"It's a strange reform that benefits one political party exclusively at all three levels of the judiciary," observes Mr. Reed. "Is the intent that the judiciary become just another arm of one of the political parties?"

The financing for the initiative is mysterious and will not be publicly revealed until campaign finance reports are due in late September or early October. But the measure appears to be a Democratic effort. The campaign is being quarterbacked by a former Democratic state legislative leader, and Mark Brewer, the state's Democratic Party chair, says his party supports the measure.

Should Mr. Obama be elected, he would become not just the head of the Democratic Party but also the inspiration for a large number of liberal groups. Some of them would no doubt lobby him to hand out taxpayer grants and contracts for their nonpolitical "community" efforts.

Indeed, Mr. Obama has extensive connections with the granddaddy of activist groups, Acorn (Association of Community Organizations for Reform Now), which has gotten millions in government grants for its low-income housing programs. In 1992, Acorn hired Mr. Obama to run a voter registration effort. He later became a trainer for the group, as well as its lawyer in election law cases.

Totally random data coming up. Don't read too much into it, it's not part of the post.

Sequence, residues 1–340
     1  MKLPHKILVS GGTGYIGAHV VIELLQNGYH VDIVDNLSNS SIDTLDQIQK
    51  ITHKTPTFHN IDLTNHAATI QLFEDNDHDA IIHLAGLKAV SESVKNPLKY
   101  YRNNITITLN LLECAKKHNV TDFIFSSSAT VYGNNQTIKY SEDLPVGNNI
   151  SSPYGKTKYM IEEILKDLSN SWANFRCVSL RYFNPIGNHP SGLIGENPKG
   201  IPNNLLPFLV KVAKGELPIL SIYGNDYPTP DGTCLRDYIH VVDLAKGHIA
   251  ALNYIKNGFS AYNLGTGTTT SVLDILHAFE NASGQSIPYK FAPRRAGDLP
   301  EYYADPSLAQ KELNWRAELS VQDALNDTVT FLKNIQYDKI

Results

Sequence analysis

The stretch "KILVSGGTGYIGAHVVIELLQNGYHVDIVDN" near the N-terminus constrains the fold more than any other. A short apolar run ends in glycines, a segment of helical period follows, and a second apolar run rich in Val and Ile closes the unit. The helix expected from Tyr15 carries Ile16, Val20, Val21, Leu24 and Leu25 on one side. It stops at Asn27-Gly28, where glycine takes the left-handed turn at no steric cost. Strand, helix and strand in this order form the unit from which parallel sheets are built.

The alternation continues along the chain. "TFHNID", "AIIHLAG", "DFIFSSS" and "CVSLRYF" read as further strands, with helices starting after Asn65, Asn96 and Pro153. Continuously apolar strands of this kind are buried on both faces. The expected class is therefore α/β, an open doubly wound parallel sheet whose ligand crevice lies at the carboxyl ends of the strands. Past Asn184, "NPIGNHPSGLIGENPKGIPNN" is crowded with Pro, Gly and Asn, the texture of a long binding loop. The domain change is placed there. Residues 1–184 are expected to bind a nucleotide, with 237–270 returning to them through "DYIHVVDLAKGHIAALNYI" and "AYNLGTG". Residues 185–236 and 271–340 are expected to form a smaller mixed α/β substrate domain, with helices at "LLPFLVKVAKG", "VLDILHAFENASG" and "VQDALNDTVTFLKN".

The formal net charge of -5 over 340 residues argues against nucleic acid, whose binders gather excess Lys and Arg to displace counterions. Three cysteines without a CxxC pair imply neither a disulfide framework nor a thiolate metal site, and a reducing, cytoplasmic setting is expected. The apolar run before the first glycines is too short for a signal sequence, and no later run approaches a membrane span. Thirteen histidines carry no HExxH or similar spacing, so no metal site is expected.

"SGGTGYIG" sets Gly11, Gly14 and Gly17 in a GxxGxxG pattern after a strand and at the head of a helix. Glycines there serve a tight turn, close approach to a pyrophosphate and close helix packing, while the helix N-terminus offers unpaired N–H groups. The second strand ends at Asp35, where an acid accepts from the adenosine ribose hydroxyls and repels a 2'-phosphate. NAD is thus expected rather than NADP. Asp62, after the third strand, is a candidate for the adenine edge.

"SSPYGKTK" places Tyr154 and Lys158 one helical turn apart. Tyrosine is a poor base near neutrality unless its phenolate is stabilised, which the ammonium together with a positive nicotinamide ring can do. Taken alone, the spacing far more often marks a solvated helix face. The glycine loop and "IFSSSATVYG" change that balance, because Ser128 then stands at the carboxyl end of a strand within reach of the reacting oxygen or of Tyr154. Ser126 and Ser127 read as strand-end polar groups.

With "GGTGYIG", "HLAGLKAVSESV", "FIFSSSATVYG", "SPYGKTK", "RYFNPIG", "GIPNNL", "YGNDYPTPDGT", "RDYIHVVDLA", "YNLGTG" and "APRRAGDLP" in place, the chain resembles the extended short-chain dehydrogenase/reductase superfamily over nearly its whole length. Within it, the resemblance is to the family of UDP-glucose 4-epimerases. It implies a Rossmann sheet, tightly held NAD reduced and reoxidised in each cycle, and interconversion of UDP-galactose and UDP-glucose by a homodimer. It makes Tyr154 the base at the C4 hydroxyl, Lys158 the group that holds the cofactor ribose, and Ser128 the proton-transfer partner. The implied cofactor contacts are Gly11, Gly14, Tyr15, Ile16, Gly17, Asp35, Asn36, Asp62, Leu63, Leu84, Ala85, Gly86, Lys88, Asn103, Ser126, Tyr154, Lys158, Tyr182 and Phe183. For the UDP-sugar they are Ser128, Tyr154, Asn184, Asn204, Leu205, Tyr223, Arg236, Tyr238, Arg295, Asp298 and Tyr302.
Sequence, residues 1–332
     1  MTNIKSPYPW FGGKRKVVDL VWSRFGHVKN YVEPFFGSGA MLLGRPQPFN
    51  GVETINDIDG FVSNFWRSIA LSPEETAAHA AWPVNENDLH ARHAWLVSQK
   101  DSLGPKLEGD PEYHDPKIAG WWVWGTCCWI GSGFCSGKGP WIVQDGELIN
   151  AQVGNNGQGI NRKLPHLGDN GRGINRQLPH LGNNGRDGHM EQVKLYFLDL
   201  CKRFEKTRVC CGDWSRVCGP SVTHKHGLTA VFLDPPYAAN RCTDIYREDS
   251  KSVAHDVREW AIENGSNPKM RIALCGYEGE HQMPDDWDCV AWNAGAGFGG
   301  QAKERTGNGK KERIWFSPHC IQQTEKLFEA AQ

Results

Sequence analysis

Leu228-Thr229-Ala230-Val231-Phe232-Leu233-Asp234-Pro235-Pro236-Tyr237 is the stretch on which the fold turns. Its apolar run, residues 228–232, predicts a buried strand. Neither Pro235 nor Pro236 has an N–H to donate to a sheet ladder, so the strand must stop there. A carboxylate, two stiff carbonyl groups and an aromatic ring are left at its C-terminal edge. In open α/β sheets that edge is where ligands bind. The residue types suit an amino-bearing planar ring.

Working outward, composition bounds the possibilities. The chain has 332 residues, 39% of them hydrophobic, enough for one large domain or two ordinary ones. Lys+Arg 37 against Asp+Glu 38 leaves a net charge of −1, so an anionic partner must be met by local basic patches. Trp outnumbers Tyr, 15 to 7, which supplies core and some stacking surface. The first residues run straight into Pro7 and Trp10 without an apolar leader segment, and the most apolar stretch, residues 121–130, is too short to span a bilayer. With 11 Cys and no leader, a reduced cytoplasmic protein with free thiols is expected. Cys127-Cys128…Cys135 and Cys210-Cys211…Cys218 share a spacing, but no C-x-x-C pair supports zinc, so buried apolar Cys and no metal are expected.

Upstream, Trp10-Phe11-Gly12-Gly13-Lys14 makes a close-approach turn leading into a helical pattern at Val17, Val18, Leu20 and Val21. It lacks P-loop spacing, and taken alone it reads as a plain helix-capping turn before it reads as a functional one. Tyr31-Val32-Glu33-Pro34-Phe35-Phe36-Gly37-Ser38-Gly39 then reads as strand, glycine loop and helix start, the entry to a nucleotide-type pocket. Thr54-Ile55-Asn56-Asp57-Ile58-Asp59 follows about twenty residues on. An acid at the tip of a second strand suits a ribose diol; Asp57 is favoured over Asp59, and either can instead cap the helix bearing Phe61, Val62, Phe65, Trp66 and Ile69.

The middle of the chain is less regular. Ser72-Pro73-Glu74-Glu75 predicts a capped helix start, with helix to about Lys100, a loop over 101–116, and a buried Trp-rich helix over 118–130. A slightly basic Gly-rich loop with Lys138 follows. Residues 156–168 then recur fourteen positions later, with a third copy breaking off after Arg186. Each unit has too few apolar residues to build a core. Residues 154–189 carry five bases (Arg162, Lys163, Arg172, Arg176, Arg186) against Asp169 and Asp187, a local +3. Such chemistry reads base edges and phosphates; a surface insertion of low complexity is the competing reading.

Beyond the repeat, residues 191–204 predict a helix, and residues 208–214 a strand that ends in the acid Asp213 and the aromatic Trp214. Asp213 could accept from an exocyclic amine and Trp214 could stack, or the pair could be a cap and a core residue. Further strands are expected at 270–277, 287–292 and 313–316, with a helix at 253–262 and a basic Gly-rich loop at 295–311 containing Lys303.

Acorn's political arm has endorsed Mr. Obama while its "voter education" arm has pledged to spend $35 million to register people this fall — despite a history of vote fraud scandals that have led to guilty pleas by many Acorn employees.

The housing bill now before Congress would set up a slush fund for community organizations such as Acorn. But Acorn has gone quiet in its lobbying for the bill this week with the news that one of its employees — the brother of Acorn founder Wade Rathke — had stolen nearly $1 million from the group. Mr. Rathke decided not to alert law enforcement or the organization's board, and kept his brother employed at Acorn until last month. "Is this the kind of group we want getting taxpayer money?" asks Rep. Ed Royce (R., Calif.)

But Acorn may play, along with other liberal groups, a leading role in electing Mr. Obama. Such groups deserve a closer look now, before their influence and possibly their clout grow dramatically after the November election.

Every weekday JewishWorldReview.com publishes what many in the media and Washington consider "must-reading". Sign up for the daily JWR update. It's free. Just click here.

JWR contributor John H. Fund is author, most recently, of "Stealing Elections: How Voter Fraud Threatens Our Democracy". (Click HERE to purchase. Sales help fund JWR.)